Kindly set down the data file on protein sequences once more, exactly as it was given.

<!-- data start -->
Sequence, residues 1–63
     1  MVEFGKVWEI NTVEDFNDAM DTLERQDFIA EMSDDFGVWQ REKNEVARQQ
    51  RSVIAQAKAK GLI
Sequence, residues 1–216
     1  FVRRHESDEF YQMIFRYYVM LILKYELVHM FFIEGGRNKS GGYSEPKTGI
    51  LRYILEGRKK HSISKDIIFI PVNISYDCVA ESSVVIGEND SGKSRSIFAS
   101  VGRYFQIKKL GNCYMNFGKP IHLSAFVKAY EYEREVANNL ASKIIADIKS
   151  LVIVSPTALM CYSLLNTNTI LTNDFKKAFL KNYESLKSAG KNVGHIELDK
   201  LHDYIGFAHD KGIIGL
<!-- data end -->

Sequence, residues 1–63
     1  MVEFGKVWEI NTVEDFNDAM DTLERQDFIA EMSDDFGVWQ REKNEVARQQ
    51  RSVIAQAKAK GLI
Sequence, residues 1–216
     1  FVRRHESDEF YQMIFRYYVM LILKYELVHM FFIEGGRNKS GGYSEPKTGI
    51  LRYILEGRKK HSISKDIIFI PVNISYDCVA ESSVVIGEND SGKSRSIFAS
   101  VGRYFQIKKL GNCYMNFGKP IHLSAFVKAY EYEREVANNL ASKIIADIKS
   151  LVIVSPTALM CYSLLNTNTI LTNDFKKAFL KNYESLKSAG KNVGHIELDK
   201  LHDYIGFAHD KGIIGL